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Journal of Indian Association of Pediatric Surgeons
     Journal of Indian Association of Pediatric Surgeons
Official journal of the Indian Association of Pediatric Surgeons         
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Year : 2019  |  Volume : 24  |  Issue : 2  |  Page : 151-152

Compromised ventilation in an infant caused by a defective connector of endotracheal tube

1 Department of Anaesthesia and Critical Care, Command Hospital, Armed Forces Medical College, Pune, Maharashtra, India
2 Department of Anaesthesia and Critical Care, Armed Forces Medical College, Pune, Maharashtra, India

Date of Web Publication1-Mar-2019

Correspondence Address:
Dr. Deepak Dwivedi
Department of Anaesthesia and Critical Care, Command Hospital, Armed Forces Medical College, Pune - 411 040, Maharashtra
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Source of Support: None, Conflict of Interest: None

DOI: 10.4103/jiaps.JIAPS_108_18

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How to cite this article:
Dwivedi D, Sethi N, Patnaik S, Singh R. Compromised ventilation in an infant caused by a defective connector of endotracheal tube. J Indian Assoc Pediatr Surg 2019;24:151-2

How to cite this URL:
Dwivedi D, Sethi N, Patnaik S, Singh R. Compromised ventilation in an infant caused by a defective connector of endotracheal tube. J Indian Assoc Pediatr Surg [serial online] 2019 [cited 2021 Mar 9];24:151-2. Available from: https://www.jiaps.com/text.asp?2019/24/2/151/253330


Failure to ventilate lungs postintubation in an infant can be life-threatening. The patient or equipment factors are commonly implicated for airway obstruction. Etiology commonly includes tension pneumothorax; bronchospasm; obstruction due to mucus plug, clot, and kink in the endotracheal tube (ETT); and breathing circuits.[1]

We report a case of left pelvic ureterojunction obstruction in a 3-month-old male infant weighing 10 kg planned for pyeloplasty. Preanesthesia checkup was normal. On arrival to the operation theater, fasting status and consent for surgery were confirmed. Patency for intravenous (IV) access which was secured in the ward after the application of the eutectic mixture of local anesthetic was established. General anesthesia with continuous transversus abdominis plane block was planned. Standard noninvasive monitoring was instituted. The infant was premedicated with injection glycopyrrolate 4 μ/kg, injection midazolam 0.05 mg/kg and injection fentanyl 2 μg/kg IV. Induction was done with injection propofol 2 mg/kg IV. The adequacy of ventilation was ascertained, and the airway was secured under vision with size 4-mm internal diameter uncuffed polyvinyl chloride ETT following administration of injection atracurium 0.5 mg/kg.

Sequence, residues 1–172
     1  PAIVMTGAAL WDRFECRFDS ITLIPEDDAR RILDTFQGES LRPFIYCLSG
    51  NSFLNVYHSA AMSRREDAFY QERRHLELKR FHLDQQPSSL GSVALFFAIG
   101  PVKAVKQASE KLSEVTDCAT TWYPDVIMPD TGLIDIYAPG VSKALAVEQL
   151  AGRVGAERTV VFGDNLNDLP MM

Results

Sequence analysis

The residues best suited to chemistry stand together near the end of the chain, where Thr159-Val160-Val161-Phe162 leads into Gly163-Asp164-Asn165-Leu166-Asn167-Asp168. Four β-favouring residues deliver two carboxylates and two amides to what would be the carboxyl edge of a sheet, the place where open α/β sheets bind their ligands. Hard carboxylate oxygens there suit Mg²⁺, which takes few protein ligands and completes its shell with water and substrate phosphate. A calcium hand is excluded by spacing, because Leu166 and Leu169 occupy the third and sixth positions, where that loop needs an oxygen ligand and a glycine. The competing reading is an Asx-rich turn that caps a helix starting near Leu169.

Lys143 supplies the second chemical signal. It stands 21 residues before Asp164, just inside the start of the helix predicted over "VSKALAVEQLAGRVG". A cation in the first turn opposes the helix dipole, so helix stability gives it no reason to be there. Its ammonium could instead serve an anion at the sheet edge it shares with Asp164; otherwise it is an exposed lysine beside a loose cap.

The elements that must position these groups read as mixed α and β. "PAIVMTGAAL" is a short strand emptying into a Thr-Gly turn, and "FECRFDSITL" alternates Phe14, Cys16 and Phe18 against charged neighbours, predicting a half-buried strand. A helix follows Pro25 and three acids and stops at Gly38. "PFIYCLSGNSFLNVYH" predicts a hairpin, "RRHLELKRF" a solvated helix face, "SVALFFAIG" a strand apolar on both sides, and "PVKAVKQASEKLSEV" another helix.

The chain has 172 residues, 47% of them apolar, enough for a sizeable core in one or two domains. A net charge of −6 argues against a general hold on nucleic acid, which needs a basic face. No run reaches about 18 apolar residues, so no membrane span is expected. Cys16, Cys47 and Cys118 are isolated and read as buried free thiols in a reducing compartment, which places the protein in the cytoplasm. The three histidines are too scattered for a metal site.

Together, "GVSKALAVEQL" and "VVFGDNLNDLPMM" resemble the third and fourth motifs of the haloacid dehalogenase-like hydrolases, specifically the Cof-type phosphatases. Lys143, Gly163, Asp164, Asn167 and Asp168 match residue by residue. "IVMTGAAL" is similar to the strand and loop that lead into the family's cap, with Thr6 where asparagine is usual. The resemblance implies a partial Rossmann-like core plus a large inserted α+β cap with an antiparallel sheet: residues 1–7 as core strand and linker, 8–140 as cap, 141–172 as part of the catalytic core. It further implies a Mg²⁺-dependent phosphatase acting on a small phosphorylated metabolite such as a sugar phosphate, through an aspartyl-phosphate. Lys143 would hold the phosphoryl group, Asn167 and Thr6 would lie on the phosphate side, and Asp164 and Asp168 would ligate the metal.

Postintubation, chest auscultation revealed minimal air entry on both sides with bilateral wheeze, and there was an imperceptible chest lift. The compliance of the breathing bag was reduced, and there was an increased resistance to ventilation. The airway pressure was high (34 cmH2O), and end-tidal carbon dioxide (ETCO2) steadily increased up to 55 mmHg with “shark fin” capnogram. Immediate corrective measures were taken. Manual ventilation with 100% oxygen ensued; meanwhile, gentle laryngoscopy was done to rule out any displacement or intraoral kinking of the ETT. Simultaneously, breathing circuits were inspected externally, and nothing conclusive was found. Suspecting the block in the ETT lumen, a 6-Fr suction catheter when introduced, failed to negotiate beyond the connector of the ETT. Trachea was extubated and new ETT of similar size was exchanged. On auscultation, there was a considerable improvement in the air entry with evident rise in the chest. The airway pressures normalized to 15 cmH2O, and ETCO2 gradually decreased to 40 mmHg. The saturation of oxygen never went below 94%. Inspection of the removed ETT connector revealed nearly obliterated end [Figure 1]. The rest of the intraoperative period was uneventful.